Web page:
I have been pondering the “ABCs of Salvation” and whether or not there are some shortcomings there. This is the clever method of expressing the basics of being saved and coming into Christianity used by many mainstream churches. It includes some important information, but seems to be missing some basic facts from the New Testament about how to become a Christian. I know it was meant to be concise, but there has to be a more complete approach. It is important to communicate the gospel message in total and with clarity.
I have come up with an alternative approach. It is similar to the traditional ABCs (some information overlaps), but it should add clarity. This approach is intended to be direct and more thorough.
Admit that you have sinned and acknowledge your need to be spiritually born again (Romans 3:23; John 3:5–8). This sin involves breaking God’s commands or falling short of His expectations. Acknowledge that everyone has sinned, that there are consequences for this sin, and that the only bridge to get us back to God is through Jesus (Acts 4:12; Romans 3:23–26). God’s favor on us, or grace, is unmistakably connected with Jesus’ indescribable gift of love. Acknowledge the essentials in salvation: God’s love, Jesus’ atoning sacrifice including His blood shed for us on the cross, and His subsequent resurrection (John 3:16; Hebrews 9:14–18; 1 Corinthians 15:12–22). Acknowledge that we respond to God’s grace in faith (Ephesians 2:8–9). Our faith in Jesus is the key to salvation (Romans 5:1,2; Acts 16:31, John 20:31). Faithful obedience is part of uniting with His death and resurrection—explained further in Romans 6:3–10. Accept the gospel and be fully aware of the Holy Spirit’s powerful work in your conversion. (See Romans 1:16 and 1 Corinthians 6:11.)
Broadcast, or make the declaration widely known to others, that Jesus is Lord (Romans 10:9–10). Peter in Matthew 16:16 expressed his belief that Jesus is “the Christ, the Son of the living God.” But, even beyond that, we need to profess that He is now Lord of our lives. If we don’t give Him lordship, then we are still living a self-centered life. In Acts 3:19 the command is given to repent (change and turn from sin). As part of this repentance, we experience a transformation—exalting God to rule on the throne, not self. He is now Lord.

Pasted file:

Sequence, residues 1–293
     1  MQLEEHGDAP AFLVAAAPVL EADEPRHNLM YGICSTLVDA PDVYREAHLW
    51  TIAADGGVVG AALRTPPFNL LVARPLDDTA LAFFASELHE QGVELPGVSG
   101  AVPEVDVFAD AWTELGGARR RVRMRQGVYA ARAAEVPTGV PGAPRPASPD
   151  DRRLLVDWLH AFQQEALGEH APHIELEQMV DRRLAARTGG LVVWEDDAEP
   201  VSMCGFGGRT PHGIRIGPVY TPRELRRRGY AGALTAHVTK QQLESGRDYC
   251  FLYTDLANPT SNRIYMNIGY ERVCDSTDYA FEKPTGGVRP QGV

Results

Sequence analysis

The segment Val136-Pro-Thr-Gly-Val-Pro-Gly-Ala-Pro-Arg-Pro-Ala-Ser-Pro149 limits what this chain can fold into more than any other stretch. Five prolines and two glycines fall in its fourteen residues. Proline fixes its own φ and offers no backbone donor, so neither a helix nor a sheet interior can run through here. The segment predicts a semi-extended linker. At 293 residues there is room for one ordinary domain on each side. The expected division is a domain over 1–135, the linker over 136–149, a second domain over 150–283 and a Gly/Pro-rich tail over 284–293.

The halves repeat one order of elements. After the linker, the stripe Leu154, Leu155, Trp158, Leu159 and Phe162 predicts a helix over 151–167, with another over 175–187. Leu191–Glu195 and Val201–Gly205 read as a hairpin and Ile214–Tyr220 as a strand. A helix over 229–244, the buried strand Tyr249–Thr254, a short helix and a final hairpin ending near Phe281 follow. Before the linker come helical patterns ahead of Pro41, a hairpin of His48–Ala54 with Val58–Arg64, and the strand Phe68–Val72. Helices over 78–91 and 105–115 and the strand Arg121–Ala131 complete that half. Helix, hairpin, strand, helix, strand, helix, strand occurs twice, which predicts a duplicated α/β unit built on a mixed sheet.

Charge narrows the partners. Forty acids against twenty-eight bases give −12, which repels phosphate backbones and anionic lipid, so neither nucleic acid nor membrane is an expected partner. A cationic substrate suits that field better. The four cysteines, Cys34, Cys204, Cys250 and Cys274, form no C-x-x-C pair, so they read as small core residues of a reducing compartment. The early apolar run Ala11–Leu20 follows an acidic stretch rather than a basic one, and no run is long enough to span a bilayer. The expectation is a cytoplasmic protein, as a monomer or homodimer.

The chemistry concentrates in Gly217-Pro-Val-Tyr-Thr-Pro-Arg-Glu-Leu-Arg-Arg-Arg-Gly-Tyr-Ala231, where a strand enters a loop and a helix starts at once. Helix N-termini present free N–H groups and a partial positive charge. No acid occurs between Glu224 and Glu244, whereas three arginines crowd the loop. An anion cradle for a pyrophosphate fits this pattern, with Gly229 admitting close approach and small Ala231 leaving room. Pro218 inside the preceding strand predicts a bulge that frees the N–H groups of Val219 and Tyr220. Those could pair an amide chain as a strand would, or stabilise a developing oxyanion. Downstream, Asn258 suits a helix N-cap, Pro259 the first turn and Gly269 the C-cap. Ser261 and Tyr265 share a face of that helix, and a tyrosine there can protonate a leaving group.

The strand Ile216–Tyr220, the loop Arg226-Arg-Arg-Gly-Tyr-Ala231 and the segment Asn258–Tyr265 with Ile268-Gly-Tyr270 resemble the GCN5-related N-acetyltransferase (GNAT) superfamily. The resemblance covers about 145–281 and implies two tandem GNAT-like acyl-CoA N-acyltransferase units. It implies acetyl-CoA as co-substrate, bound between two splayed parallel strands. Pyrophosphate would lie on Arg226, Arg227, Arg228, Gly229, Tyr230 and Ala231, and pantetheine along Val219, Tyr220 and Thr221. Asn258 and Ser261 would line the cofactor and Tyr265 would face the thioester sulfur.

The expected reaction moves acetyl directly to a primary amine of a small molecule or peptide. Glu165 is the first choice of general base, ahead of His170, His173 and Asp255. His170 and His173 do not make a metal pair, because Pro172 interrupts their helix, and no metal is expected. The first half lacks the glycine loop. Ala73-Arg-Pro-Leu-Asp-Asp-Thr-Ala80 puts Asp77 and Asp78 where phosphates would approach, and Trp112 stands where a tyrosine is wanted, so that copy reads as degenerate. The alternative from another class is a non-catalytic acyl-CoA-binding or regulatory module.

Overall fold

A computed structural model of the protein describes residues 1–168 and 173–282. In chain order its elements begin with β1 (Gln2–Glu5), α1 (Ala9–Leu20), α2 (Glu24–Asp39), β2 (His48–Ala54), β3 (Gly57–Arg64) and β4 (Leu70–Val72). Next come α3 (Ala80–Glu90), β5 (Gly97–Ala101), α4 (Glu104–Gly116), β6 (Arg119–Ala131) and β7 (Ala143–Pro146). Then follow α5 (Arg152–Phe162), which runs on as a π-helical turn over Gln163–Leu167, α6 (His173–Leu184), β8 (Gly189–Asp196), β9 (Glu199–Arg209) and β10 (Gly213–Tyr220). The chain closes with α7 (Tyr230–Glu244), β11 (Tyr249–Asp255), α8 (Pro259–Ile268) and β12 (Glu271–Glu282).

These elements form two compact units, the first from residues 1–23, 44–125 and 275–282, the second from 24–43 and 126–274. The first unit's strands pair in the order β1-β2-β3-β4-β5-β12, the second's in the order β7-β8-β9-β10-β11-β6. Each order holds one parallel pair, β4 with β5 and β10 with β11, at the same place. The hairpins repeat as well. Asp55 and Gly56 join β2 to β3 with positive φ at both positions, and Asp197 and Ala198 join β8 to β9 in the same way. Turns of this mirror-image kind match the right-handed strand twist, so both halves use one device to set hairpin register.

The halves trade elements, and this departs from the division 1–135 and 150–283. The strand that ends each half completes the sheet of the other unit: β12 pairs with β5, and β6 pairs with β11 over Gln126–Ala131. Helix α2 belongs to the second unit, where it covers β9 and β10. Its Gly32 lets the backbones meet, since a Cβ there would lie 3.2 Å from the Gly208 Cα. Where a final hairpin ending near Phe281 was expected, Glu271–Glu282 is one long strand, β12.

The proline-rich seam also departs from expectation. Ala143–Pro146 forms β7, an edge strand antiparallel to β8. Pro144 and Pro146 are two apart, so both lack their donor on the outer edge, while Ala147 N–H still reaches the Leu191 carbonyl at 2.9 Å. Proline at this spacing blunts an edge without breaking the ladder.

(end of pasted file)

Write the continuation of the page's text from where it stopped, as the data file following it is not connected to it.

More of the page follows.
Call on the name of the Lord (Acts 22:16). The Lord’s servant Ananias gave some instructions to Paul during that Damascus-road experience: “Arise, and be baptized, and wash away your sins, calling on the name of the Lord.” Peter makes reference to similar ideas in 1 Peter 3:21. The teaching here is that baptism, in water, “does also now save us.” It is accomplished “by the resurrection of Jesus” and is “the answer of a good conscience before God.” This calling upon the name of the Lord is an outward expression. It likely has a lot to do with the confession mentioned above, something like: “I believe that Jesus is Lord.” Calling out could also include something like: “Hosanna, Jesus saves!” It seems to me that an outward expression is also made when people witness our baptism (Acts 22:16 includes baptism). In New Testament examples of conversion, faith is typically expressed immediately in baptism. Galatians 3:26,27 reads: “For you are all the children of God by faith in Christ Jesus. For as many of you as have been baptized into Christ have put on Christ.” We have been raised with Christ (Col. 3:1) to walk a new life. Perhaps an ABCDs of salvation would be more complete because parts of both B and C appear to overlap with the idea of Death to sin.
So my prayer for you today is that you will immerse yourself in the issues of Jesus Christ. He provides hope for tomorrow. In Matthew 28:20 Jesus gives us assurance, “I am with you always, even unto the end of the world.”